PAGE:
Born A Crime is a very powerful and thought provoking read. I already knew the apartheid was going to be an intriguing topic, and Trevor Noah does an excellent job narrating his personal experience during the end of the apartheid as well as his mother’s experience. He balances these personal accounts with a lot of background information and facts about apartheid that are relevant to that particular account he was talking about. Born A Crime is a memoir you will not soon forget.

4. The Camera Lies by AB Morgan (4/5 stars) REVIEW 03/02
There is no doubt that both the TV documentary angle and the murder case itself make The Camera Lies a very refreshing, intense and action-packed read. Even though I did see a mayor plot twist coming, there were other things I never would have guessed. There are some disturbing things going on for sure! The story reads superfast and you will be wondering what will happen next and how things will end until the very last page. Entertaining and thrilling for sure!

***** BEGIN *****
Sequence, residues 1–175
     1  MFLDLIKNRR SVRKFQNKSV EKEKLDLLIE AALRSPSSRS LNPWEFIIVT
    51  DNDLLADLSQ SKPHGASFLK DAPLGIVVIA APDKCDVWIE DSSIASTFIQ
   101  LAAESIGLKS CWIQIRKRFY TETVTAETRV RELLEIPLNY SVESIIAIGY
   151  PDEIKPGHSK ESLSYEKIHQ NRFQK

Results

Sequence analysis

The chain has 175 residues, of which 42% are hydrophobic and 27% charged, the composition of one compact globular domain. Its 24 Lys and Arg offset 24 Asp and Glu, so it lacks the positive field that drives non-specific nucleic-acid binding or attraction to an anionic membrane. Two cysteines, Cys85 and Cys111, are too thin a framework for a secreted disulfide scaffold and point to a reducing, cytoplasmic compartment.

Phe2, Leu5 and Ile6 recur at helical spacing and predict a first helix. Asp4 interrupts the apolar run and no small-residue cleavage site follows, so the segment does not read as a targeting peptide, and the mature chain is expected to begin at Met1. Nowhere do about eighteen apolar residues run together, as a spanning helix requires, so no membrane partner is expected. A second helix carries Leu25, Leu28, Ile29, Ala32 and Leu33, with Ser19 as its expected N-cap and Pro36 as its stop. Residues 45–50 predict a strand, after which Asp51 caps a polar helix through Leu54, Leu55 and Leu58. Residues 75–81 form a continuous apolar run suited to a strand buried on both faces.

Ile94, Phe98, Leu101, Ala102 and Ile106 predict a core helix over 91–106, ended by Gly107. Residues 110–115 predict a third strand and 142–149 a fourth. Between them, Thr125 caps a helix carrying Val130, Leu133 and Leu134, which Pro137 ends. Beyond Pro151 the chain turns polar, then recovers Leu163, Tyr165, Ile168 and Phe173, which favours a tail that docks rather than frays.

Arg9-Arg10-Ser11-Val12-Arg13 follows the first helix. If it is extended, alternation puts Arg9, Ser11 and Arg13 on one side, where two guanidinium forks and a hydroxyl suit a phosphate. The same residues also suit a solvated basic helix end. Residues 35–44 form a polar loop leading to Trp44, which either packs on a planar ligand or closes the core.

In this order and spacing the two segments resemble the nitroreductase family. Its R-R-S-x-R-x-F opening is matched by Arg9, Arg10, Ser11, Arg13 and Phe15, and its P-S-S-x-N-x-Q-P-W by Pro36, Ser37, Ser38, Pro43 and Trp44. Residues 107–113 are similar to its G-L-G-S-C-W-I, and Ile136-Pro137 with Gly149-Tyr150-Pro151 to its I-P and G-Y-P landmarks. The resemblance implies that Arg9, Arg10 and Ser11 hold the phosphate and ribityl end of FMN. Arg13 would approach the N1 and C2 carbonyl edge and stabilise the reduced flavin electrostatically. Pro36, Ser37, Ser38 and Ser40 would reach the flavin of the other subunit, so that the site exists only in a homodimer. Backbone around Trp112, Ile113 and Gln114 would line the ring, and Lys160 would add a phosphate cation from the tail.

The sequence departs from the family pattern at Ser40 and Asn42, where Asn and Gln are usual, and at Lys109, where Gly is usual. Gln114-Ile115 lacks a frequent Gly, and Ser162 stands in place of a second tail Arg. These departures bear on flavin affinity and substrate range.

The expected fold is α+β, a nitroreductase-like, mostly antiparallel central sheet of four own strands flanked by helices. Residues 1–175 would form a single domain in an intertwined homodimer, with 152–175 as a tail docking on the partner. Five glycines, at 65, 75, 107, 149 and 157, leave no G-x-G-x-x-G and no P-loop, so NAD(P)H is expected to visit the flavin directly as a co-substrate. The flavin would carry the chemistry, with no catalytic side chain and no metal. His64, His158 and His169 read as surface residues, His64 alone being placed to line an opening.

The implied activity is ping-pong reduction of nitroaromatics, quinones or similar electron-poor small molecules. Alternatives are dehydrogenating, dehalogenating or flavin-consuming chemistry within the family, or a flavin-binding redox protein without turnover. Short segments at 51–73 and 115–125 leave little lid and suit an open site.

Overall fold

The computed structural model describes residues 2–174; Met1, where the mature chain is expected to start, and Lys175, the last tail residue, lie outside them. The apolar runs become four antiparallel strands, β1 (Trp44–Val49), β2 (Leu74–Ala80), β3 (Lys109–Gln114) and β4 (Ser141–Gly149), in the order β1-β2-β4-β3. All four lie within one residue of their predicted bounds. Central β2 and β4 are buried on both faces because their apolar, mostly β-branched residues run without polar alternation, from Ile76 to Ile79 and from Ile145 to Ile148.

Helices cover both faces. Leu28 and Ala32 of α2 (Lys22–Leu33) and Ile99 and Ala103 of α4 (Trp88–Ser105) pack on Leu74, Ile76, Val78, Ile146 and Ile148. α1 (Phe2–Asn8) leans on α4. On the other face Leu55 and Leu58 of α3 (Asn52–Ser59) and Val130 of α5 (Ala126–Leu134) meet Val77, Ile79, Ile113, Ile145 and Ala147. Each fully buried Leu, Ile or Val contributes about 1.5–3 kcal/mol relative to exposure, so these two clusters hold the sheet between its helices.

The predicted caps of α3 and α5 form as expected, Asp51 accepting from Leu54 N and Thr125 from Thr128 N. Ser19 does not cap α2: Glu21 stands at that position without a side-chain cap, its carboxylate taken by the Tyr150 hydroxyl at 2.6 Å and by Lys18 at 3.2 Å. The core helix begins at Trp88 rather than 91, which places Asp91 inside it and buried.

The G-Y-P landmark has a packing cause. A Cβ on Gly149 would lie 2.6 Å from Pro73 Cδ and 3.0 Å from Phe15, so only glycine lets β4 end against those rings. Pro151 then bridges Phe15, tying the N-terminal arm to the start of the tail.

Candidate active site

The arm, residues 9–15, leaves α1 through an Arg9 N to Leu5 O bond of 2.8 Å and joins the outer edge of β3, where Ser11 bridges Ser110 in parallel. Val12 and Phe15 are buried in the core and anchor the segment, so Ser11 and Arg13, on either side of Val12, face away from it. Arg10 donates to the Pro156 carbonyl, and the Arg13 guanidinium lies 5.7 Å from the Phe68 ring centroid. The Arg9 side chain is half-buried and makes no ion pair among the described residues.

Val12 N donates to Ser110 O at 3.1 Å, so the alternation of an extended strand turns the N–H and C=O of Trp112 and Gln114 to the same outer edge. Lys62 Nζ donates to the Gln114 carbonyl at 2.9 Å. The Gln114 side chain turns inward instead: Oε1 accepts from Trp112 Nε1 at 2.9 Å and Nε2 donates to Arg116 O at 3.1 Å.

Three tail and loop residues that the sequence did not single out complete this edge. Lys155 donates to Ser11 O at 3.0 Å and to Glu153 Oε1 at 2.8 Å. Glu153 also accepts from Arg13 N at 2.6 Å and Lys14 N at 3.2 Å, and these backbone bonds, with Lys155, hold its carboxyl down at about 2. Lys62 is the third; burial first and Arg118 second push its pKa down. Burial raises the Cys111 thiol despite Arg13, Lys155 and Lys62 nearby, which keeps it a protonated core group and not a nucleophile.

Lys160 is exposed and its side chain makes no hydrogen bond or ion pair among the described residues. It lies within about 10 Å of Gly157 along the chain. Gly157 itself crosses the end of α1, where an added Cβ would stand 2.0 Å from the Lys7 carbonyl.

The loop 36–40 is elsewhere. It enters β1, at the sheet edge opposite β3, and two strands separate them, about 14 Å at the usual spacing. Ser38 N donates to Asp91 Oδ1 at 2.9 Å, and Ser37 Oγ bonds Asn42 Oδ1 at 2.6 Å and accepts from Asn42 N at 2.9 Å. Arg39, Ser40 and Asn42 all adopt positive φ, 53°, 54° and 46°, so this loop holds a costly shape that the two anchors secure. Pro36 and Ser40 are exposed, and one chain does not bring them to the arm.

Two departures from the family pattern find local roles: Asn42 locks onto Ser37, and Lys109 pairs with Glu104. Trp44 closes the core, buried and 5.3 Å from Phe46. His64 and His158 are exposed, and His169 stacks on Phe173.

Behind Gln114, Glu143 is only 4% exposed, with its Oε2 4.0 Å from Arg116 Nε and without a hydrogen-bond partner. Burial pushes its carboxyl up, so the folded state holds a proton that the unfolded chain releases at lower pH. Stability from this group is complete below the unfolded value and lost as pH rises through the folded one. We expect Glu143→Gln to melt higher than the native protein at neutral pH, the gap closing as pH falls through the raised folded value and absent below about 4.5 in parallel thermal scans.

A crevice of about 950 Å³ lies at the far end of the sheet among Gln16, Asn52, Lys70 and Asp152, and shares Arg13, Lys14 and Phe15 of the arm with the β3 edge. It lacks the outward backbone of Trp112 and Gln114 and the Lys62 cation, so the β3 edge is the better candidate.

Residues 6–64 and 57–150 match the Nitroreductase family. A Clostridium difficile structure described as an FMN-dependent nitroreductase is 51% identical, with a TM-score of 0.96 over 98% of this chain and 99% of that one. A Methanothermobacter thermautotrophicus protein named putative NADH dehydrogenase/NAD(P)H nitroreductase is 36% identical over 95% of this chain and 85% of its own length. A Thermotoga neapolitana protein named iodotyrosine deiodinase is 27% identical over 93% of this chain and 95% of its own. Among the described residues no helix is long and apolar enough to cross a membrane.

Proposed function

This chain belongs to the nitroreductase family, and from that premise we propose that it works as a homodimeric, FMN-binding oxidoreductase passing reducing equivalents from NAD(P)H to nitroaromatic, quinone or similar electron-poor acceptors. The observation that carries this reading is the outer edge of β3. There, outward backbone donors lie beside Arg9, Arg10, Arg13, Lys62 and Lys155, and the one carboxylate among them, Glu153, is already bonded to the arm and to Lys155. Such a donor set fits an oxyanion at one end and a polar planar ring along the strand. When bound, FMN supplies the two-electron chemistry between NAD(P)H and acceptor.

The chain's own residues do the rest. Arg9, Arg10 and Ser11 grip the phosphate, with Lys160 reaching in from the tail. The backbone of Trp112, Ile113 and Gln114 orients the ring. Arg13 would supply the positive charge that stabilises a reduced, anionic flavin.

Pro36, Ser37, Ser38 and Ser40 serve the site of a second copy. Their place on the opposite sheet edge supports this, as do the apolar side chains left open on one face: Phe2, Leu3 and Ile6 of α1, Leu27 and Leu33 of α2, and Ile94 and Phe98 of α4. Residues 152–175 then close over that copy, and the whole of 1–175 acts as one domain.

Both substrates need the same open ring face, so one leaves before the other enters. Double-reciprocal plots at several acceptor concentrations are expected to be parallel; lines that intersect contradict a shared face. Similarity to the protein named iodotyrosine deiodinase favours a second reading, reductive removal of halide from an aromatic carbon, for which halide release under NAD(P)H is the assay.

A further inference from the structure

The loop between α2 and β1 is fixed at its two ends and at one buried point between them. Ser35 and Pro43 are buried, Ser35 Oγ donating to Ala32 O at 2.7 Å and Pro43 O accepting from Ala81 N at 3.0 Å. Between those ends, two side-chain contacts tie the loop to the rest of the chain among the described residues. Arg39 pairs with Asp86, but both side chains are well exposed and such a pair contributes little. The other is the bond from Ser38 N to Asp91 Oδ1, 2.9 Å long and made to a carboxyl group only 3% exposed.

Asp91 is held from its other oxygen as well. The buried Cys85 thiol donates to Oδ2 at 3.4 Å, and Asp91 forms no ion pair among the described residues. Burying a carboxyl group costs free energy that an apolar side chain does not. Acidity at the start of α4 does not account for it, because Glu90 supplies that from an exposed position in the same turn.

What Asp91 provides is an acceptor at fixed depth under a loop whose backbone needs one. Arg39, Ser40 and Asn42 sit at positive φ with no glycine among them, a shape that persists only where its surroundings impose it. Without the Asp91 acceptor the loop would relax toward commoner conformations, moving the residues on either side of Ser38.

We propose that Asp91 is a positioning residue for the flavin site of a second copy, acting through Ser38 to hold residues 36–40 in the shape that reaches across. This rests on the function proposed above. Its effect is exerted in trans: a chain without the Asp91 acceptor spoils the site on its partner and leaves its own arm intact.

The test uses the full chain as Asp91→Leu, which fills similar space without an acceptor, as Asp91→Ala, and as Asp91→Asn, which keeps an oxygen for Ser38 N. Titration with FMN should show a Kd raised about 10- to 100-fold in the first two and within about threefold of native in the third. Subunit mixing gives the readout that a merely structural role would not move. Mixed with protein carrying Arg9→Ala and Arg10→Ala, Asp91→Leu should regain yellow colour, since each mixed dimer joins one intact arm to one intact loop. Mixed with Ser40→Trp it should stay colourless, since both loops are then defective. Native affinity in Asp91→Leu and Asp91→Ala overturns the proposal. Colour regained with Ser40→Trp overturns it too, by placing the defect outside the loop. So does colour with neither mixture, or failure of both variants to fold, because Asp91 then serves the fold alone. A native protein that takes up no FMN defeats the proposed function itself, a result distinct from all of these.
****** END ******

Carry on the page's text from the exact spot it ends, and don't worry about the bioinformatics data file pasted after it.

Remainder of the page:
5. Halfway by Lokesh Sharma (2/5 stars) REVIEW 05/02
This sci-fi story has an interesting concept, but the execution didn’t work for me. The lack of worldbuilding and plot left me feeling confused and Halfway is more of a disjointed character background story than a story set in a properly fleshed out fantasy world. I’m having a feeling I would have enjoyed it better as two completely separate stories: one with the characters and their history, and one fully about Enigma.

6. Under Rose-Tainted Skies by Louise Gornall (3/5 stars) REVIEW 10/02
I was in the mood for a YA contemporary, so I picked up this title on a whim. I didn’t remember this one had actually a very prominent mental health angle: the main character suffers from agoraphobia and OCD. The author was able to develop this element really well, although I do have to say it all felt a bit too similar to Everything, Everything… And I wasn’t too sure about the ending or credibility of certain parts of the plot.